Only a handful of idealists remain who insist on entertaining such fabulous notions. And their days are numbered. Their eternally-idealistic organizations have become mere relics, inevitably passing into oblivion like the B-movies and the space operas from which they have sprung. They are twenty first century dinosaurs, doomed to extinction.
George Jetson and Fred Flintstone are the same person.
The utopian vision of the future that never happened was of course spawned by a peculiar and innovative worldview. It was a system of thought rooted in the superiority--even the supremacy--of science over every other discipline or concern. A fantastic world could be expected in the days just ahead because the sovereign prerogative of science would, no doubt, make short work of curing every cultural ill, correcting every irrational thought, and subverting every cantankerous disturbance. There was no obstacle too great, no objection too considerable, and no resistance too substantial to restrain the onward and upward march of the scientific evolution of human society.
That kind of unswerving confidence in the good providence of industry and technology gave its adherents a conceited algebraic certainty about their forecasts and predictions. As H.G. Wells, one of the leading lights of such sanguine futurism, asserted: “For some of us moderns, who have been touched with the spirit of science, prophesying is almost a habit of mind. Science is very largely analysis aimed at forecasting. The test of any scientific law is our verification of its anticipations. The scientific training develops the idea that whatever is going to happen is really here now--if only one could see it. And when one is taken by surprise, the tendency is not to say with the untrained man, ‘Now, who’d ha’ thought it?’ but ‘Now, what was it we overlooked?’ Everything that has ever existed or that will ever exist is here--for anyone who has eyes to see. But some of it demands eyes of superhuman penetration.”
For Wells, and all those who shared his Flash Gordon optimism, science was a kind of new secular predestination. It not only affirmed what could be, it confirmed what would be. And more, it discerned what should be.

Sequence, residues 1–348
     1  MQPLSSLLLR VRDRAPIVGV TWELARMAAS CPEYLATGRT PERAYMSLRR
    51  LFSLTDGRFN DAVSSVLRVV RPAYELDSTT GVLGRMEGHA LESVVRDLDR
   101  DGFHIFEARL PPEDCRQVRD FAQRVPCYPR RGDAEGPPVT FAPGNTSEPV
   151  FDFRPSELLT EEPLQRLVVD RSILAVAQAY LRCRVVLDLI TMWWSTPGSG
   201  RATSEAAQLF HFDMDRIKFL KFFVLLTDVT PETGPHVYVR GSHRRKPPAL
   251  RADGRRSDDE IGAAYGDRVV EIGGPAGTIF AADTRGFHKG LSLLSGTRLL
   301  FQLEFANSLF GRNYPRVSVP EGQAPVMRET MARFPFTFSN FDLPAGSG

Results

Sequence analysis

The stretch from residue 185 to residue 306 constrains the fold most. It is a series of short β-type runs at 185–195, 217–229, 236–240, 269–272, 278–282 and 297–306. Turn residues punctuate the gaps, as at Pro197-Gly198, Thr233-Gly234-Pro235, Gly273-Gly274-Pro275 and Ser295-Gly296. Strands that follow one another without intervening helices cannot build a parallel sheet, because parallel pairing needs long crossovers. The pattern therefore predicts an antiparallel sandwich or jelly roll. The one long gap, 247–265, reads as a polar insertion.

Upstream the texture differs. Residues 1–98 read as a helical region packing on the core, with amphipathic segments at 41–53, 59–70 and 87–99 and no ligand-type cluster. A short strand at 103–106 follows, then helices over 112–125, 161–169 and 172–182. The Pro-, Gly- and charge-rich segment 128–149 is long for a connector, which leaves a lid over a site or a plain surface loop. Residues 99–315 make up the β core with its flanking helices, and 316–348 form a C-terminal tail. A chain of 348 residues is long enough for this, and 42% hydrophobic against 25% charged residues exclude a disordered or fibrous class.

Scientific experts were thus not only the caretakers of the future, they were the guardians of Truth. They were a kind of superhuman elite--not at all unlike Plato’s philosopher-kings--who ruled the untrained with a firm but beneficent hand in order to realize the high ideals of progress.
That meant that science had to necessarily be intermingled with ideology. It had to become an instrument of social transformation. It had to be harnessed with the idealism of the far-sighted elite. It had to wielded by the cognoscenti as a tool for the preordained task of human and cultural engineering. It had to be politicized.
Thus, in the early days of the twentieth century, science and millenarian politics were woven together into a crazy quilt of idealism, fanaticism, and ambition. It enabled a few powerful men and movements to believe the unbelievable, conceive the inconceivable, and imagine the unimaginable. According to philosopher Eric Voegelin, “This potent admixture of ideas and ideals became a kind of le dernier cri--the ideological craze of a new orthodoxy and the starry-eyed bludgeon of a new plutocracy.”
And until the foundations of that plutocracy crumbled under the weight of two world wars and a myriad of other twentieth century horrors, the future that never happened was sustained by it as the future that almost was.
Moscow History Conference
I am in Moscow, Idaho. It's not exactly the first place folks think of when they are planning a trip in February. But for the past nine years I have found myself here for an annual history conference that I do with my friends Steve Wilkins and Douglas Wilson. As you can tell from the sketch above, this year the conference focuses on the failures of Revolutionary Modernity. I will be speaking tonight on Marx, tomorrow on Nietzsche, and Saturday on Lenin--some of the most horrific monsters Western Civilization has ever produced. Not exactly fun stuff! But, important.